Designing computer systems involves difficult cost-performance trade-offs. It's a given that systems offering the highest performance levels--high concurrency, sophisticated new features, and the highest quality levels--will always require hardware acceleration. At the other end of the spectrum, the increasing performance of host processors will never outpace the growing demands of applications for additional computation. But shrewd designers can find a successful middle ground between the two extremes. By way of illustration, consider what's happening with PC audio.
PC audio is undergoing a profound metamorphosis. Driven by new 3D games, published DVD movie content, and live audio downloaded from the Internet, future PCs will be offering more audio-related features and higher levels of performance. Music synthesizers will sound more realistic and be capable of creating a wider variety of sounds. It will be possible to position sound effects 360° around the listener without the expense and hassle of wiring additional rear channel speakers. Users will be listening to 5.1-channel sound tracks from DVD as well as musical accompaniment to Internet web sites. These applications are only the tip of the iceberg.
However, these new capabilities can only reach mass market prices through architectural innovation. Audio signal processing consumes significant computational resources. Running all the audio functions on the host processor attenuates system performance on other applications. Hardware accelerators preserve the performance of the host CPU, but they add cost. Innovative system design minimizes the additional cost and saves system performance.
Audio Accelerators Needed
System architects have a spectrum of options available for implementing audio subsystems that trade hardware cost for performance. The ends of the spectrum are well-defined. At one end are the basic, sub-$1000 systems. They run most signal-processing tasks on the host CPU, an architectural philosophy known as Host Signal Processing (HSP). This is done using an audio codec to provide baseline recording and playback functionality. At the other end are the performance systems. They rely on hardware ASICs or DSPs to implement signal-processing tasks.
To understand the rationale for adding hardware acceleration, hypothesize a set of signal-processing functions at a particular performance level, running entirely on the host CPU. Recognize that each real-time audio task steals cycles from other graphics, data, or numeric processing tasks. So, above 10% to 20% loading, the signal-processing burden detracts noticeably from the execution speed of the applications.
For example, a game's graphics will be noticeably slower; the game might respond to user control more sluggishly. Consumers who purchase a computer with a 300-MHz Pentium processor, half of which is consumed by signal-processing tasks, will find that applications will run as if the computer had a 150-MHz Pentium processor. Also, cramming too many real-time algorithms on the host CPU can lead to unstable systems with high technical support costs, and ultimately consumer disappointment and frustration.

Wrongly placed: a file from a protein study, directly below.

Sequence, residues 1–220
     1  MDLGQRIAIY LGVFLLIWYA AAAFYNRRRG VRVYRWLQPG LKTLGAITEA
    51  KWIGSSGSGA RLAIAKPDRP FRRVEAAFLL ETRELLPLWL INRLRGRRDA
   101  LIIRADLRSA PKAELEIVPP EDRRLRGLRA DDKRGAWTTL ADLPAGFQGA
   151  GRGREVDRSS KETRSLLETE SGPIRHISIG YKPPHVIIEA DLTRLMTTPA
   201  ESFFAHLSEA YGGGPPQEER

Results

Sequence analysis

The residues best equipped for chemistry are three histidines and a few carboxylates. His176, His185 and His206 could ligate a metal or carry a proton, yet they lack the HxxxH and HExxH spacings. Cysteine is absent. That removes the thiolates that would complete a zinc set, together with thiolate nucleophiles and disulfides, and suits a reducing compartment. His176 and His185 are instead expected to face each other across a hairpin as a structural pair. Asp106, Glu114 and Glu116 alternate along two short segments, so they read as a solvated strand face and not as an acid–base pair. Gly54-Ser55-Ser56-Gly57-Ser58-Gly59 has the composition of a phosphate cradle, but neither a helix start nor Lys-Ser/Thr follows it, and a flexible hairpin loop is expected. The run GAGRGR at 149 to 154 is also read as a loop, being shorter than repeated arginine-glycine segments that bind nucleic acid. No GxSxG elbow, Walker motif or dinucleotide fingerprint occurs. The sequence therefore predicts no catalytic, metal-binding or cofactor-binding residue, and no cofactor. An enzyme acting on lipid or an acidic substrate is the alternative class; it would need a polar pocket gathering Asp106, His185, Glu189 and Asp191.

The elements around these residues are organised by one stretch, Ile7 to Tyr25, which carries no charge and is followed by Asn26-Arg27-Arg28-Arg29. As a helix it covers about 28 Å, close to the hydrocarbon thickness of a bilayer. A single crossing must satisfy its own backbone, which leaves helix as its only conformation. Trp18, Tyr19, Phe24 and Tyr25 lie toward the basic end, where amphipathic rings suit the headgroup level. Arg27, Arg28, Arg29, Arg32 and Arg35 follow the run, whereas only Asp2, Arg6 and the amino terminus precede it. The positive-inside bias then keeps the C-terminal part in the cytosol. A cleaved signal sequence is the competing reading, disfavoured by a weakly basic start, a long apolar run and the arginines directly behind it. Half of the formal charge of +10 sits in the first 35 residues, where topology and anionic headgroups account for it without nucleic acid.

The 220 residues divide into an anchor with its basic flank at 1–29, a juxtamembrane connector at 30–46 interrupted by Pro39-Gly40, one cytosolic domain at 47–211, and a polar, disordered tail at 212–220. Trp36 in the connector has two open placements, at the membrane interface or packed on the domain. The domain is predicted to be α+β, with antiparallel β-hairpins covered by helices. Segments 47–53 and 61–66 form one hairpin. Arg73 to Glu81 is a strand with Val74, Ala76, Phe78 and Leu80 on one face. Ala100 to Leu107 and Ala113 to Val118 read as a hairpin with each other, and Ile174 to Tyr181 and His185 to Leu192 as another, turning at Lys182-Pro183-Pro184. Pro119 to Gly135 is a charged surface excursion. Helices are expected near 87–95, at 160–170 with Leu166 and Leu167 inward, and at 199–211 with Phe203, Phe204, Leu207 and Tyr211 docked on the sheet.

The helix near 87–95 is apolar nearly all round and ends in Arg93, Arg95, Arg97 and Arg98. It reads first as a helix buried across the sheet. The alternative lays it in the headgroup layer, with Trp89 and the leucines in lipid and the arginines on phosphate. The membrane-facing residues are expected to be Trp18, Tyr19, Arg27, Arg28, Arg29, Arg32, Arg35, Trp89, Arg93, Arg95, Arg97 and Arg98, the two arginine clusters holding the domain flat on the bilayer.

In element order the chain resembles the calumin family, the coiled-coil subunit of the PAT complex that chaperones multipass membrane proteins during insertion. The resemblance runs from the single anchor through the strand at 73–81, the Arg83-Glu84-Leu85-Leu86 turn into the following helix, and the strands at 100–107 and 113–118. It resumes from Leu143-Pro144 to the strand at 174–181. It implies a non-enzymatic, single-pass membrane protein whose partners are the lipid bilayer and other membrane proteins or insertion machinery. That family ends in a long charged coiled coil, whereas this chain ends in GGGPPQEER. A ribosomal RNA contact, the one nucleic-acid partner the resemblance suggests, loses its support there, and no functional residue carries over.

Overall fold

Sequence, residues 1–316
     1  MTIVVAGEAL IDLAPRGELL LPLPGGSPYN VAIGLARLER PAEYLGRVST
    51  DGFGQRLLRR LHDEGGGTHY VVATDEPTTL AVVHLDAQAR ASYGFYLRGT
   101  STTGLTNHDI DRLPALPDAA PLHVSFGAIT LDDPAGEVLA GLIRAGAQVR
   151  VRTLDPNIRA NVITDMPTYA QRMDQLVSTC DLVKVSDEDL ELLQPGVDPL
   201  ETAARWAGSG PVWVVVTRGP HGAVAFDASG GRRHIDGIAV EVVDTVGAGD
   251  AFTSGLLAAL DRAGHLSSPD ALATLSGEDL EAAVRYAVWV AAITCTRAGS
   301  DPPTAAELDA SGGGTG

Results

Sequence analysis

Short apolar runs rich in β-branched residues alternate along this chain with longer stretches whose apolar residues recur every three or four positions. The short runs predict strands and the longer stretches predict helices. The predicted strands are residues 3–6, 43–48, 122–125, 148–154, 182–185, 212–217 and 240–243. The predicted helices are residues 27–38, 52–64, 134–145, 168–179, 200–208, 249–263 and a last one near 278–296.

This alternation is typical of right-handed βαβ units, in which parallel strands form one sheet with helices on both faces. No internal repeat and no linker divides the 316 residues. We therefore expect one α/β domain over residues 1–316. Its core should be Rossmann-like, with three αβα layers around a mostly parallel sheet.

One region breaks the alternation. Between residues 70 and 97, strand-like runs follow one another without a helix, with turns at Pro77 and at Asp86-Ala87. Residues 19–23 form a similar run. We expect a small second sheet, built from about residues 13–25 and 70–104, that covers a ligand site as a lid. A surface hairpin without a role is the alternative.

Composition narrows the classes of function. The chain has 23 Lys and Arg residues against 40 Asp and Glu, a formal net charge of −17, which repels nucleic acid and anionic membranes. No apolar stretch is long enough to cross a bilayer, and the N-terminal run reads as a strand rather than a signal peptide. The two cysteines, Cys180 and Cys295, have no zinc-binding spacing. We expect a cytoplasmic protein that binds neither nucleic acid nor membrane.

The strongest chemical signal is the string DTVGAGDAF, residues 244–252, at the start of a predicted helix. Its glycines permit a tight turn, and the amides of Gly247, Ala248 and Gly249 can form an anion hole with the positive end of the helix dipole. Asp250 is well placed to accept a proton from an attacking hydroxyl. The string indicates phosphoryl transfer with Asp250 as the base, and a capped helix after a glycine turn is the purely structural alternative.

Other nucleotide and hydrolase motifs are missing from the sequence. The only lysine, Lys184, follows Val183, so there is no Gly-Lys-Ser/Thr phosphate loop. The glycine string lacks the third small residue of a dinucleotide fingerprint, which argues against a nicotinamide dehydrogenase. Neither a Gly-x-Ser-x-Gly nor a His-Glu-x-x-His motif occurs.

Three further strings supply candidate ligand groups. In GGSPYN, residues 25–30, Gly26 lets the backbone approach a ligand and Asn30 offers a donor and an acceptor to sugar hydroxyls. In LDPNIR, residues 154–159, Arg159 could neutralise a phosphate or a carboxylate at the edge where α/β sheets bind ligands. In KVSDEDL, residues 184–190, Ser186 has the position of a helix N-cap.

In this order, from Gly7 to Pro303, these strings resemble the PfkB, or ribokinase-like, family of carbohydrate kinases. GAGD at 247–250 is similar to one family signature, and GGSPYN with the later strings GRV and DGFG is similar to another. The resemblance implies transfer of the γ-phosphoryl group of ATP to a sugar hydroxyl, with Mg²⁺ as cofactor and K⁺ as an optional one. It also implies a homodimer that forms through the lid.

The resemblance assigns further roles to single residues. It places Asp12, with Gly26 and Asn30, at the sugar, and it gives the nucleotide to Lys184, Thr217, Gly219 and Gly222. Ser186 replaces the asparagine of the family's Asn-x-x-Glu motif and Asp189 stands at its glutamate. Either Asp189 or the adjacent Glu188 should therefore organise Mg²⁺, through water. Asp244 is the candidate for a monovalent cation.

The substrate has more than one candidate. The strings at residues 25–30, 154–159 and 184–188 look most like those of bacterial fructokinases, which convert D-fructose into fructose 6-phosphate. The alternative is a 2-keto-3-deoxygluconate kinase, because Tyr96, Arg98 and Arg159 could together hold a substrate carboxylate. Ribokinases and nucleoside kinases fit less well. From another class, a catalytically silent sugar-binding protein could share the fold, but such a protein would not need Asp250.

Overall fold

After defining a set of signal-processing functions that do not impose an excessive burden, consider the following three points:
* Signal-processing capabilities span a range. If the baseline system includes a wavetable synthesizer with 24 voices, adding a hardware accelerator could increase the number of synthesized voices to 64.
* Signal-processing performance spans a range. Many classes of algorithms sound or work better when more computational horsepower becomes available, and the demand for MIPS always seems to be insatiable.
A wavetable synthesizer, for example, could use "layering" (the application of more than one oscillator per voice) to make the synthesized sound more realistic. Adding even a single additional layer essentially doubles the computational requirements, and high-quality synthesizers often provide three or four layers. Adding a hardware accelerator improves sound quality in the case of wavetable synthesis.
* Signal-processing concurrency spans a range. If a hypothetical system offers wavetable, adding a hardware accelerator could make it possible to offer 3D positioning and a hands-free speakerphone as well. There is no limit to the cleverness of algorithm designers, so there will always be other useful algorithms cropping up. To run them concurrently would require PCs equipped with hardware accelerators.
More sophisticated capabilities, higher levels of performance, and concurrency all require more computation. This additional capability can be provided at any given time by a hardware accelerator, or perhaps in the future by faster CPUs. Thus, performance systems are bellwethers. As CPUs get faster, PCs using them may acquire additional capabilities that previously required hardware accelerators to implement. However, the other applications also will increase their computational requirements, limiting the CPU performance available for signal processing. Consequently, it's very difficult to predict when host processors will be sufficiently powerful to run not only today's signal processing tasks, but also tomorrow's applications. These two architectural philosophies, host signal processing and hardware acceleration, define the endpoints of the spectrum of implementation options.